Table 5. Initial bacteria load at 2nd week for the eight sample preparations, unfermented (1-4) and fermented (5-8) of Chrysichthys nigrodigitatus.

(unfermented) which is not fit consumption because of the heavy bacteria load of 5.05 × 105 which exceeded the recommented safe value of 5.05 × 105 for fish product comsumption [16].

Sample 4, is unfermented, cooked, not salted, opened and maintained under ambient (room) temperature, had green mould seen through transparent nylon, state with strong offensive odour emanating. It was terminated after four weeks of preparation.

Table 6 shows that the cooked unfermented Chrysichthys nigrodigitatus minced sample at six weeks, (samples 1 and 3) had the lowest bacteria count of 3.1 × 105 cfug and 3.7 × 105 cfug respectively below the ICMSF standard of 5.0 × 105. Hence may be fit consumption as fish paste, sauces etc. however to avoid food poisoning they are better consumed before two weeks.

Sample 7 which is not cooked, not salted fermented covered at room (ambient) temperature of 26˚C is not fit for consumption at all because of heavy bacteria load of 8.2 × 105 which far exceeded the recommended ICMSF standard of 5.0 × 105 [16]. Although Sample 7 lasted for six weeks, without maggot, with high moisture content, it had a very strong offensive odour, black with whitish mould visible through the transparent nylon.

Table 7 shows that only Proteus sp (−) was not present in samples implicated in Samples 1, 3 and 7 at the end of six weeks. Very few bacteria sp were isolated in this study possibly because of the increasing acidity with length of storage and fermentation. For example in Sample 7, pH (acidity) dropped from 7.2 (in fresh minced Chrysichthys nigrodigitatus to 4.5 at the end of six weeks. Also increasing rancidity (Sample 7) with highest PV (35.66) meq/kg coupled with high acidity of pH (4.5) is likely to be responsible for the low number of bacteria (5 bacteria sp) isolated.

Table 8 shows that pH is (negatively) inversely related to TVB (r = −0.32), FFA (r = −0.12), PV (r = −0.31) and Bacteria Load (r = −0.43). as shown in Table 7 while very few bacteria species (5 bacteria sp) were represented due to the high rancidity (e.g. as in Sample 7 with highest PV (35.66 meq/kg) and low pH (high acidity) of 4.5 had the highest bacteria load of 8.2 × 105 (Table 6).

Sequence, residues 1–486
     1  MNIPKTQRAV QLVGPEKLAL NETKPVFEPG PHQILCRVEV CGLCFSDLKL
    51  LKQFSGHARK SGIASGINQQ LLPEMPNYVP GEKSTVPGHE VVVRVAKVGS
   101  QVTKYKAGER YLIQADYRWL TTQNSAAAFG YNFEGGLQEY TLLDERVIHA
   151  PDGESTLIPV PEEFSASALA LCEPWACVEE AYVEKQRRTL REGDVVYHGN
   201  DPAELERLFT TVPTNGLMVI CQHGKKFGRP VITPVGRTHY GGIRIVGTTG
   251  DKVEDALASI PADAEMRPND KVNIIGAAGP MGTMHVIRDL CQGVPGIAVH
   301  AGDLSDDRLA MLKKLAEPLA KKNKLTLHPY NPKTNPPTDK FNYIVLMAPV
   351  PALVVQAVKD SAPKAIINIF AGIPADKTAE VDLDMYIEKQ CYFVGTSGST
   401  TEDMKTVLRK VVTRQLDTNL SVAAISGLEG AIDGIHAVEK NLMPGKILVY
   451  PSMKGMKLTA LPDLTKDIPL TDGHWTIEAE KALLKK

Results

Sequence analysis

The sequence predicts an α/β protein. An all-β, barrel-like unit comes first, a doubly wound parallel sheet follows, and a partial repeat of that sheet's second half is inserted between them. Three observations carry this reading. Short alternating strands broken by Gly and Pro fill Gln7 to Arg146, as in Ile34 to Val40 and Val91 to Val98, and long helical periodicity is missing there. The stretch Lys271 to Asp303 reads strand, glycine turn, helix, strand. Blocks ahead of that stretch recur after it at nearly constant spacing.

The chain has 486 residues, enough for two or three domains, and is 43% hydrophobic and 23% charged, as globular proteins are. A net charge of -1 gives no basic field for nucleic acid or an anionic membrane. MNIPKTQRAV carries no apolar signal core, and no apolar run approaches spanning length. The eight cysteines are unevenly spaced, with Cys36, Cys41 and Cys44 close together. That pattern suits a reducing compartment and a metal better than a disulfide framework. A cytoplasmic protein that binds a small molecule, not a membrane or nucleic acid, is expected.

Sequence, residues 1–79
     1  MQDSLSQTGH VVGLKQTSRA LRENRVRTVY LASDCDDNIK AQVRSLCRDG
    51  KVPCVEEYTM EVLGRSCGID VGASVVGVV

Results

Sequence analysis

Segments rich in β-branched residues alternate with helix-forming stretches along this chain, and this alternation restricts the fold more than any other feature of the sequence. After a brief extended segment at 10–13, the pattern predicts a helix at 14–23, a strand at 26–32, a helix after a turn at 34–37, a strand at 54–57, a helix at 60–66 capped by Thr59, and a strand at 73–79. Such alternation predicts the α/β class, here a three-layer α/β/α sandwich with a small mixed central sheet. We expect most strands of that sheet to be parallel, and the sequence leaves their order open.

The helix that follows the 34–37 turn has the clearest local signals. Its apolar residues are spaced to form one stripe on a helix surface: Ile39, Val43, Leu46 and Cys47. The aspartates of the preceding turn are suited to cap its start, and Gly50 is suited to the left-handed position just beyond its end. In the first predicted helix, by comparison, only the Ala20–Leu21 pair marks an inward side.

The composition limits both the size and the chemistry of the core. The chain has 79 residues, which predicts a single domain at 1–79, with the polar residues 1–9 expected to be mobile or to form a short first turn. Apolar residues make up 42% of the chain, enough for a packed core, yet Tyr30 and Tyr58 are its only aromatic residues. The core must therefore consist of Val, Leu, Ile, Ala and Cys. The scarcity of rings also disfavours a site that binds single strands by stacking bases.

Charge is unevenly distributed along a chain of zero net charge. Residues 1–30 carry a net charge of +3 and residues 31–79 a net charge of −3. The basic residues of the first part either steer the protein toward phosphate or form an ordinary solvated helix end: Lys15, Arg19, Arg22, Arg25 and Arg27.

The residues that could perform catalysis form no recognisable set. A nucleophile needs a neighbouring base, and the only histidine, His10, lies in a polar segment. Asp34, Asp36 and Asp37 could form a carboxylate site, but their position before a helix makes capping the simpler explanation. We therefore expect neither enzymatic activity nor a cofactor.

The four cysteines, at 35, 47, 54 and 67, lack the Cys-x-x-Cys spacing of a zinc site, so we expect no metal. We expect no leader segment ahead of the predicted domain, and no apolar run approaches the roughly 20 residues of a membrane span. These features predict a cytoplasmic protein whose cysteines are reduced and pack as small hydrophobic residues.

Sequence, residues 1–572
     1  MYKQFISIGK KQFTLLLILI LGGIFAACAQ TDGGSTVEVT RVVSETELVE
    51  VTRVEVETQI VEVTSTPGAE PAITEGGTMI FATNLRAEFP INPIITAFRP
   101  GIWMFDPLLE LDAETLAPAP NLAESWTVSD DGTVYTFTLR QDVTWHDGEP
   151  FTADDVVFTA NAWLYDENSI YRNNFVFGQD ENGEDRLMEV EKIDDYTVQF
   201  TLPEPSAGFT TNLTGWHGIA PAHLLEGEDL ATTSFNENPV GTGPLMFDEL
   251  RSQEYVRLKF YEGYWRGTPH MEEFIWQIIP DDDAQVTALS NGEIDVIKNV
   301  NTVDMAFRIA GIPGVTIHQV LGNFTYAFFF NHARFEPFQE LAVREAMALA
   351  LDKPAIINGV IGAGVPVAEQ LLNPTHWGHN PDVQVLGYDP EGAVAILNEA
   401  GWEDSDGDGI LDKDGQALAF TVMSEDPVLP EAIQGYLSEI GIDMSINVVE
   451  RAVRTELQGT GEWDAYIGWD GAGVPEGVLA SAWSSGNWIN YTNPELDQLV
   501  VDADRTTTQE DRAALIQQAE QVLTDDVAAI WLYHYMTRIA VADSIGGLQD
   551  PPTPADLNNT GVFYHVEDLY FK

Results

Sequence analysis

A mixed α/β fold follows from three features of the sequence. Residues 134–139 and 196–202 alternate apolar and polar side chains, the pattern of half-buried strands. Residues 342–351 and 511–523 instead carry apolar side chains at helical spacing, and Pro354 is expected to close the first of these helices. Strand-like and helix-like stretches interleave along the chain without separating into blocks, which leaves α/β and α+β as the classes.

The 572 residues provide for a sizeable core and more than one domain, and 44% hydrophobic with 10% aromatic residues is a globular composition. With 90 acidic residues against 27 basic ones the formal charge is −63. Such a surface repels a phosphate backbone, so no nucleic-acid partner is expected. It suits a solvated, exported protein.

This high value is possibly due to the incidence of Acidiophillies bacteria; which multiplied rapidly (with increasing length of fermentation) above the ICMSF sage limit of 5.0 × 105. Peroxide Value is strongly positively correlated with FFA (r = 0.97), TVB (r = 0.45) and bacteria load (r = 0.73). Total Volatile Base (TVB) is also positively correlated with FFA (r = 0.51), PV (r = 0.45) and bacteria laod (r = 0.85). Free Fatty Acid also posi-

Table 6. Initial bacteria load at 6th week for the eight samples 1, 3 (unfermented) and 7 (fermented) preparations of Chrysichthys nigrodigitatus.

Table 7. Spatial occurrence of bacteria isolates in samples 1, 3 and 7 at the end of week six of Chrysichthys nigrodigitatus.

Table 8. Correlation (r) table between tvb, ffa, pv, ph and bacterial load.

tively correlated with TVB (r = 0.51), PV (r = 0.45) and bacteria load (r = 0.85).

4. Discussion

The result of proximate composition (Table 1) shows the silver catfish (Chrysichthys nigrodigitatus) is very high in crude protein (55.64%) and fat (5.89%), while %Ash (18.75%), %Moisture (16.46%), %crude fiber (2.40%) and NFE (0.86%) were also recorded.

The quality characteristics of the 8 samples used for the fermentation processes are as discussed below at the point of termination of the fermented sample products.

Sample 1: is unfermented, cooked, salted, covered and maintained at freezer temperature of −25˚C, had no physical change in appearance, still retained its colour and appearance and was terminated after six weeks.

Sample 2: is unfermented, salted, cooked, opened and maintained under ambient temperature (26˚C). Its physical appearance changed to brownish in colour with some maggot growing in it and had a very strong odour and swelling was noticeable after a week; it was terminated at the end of two weeks.

Sample 3: is unfermented, cooked, covered not salted and maintained at freezer temperature (−25˚C) had no physical change in appearance and still maintained its sea weedy odour. It was terminated after six weeks.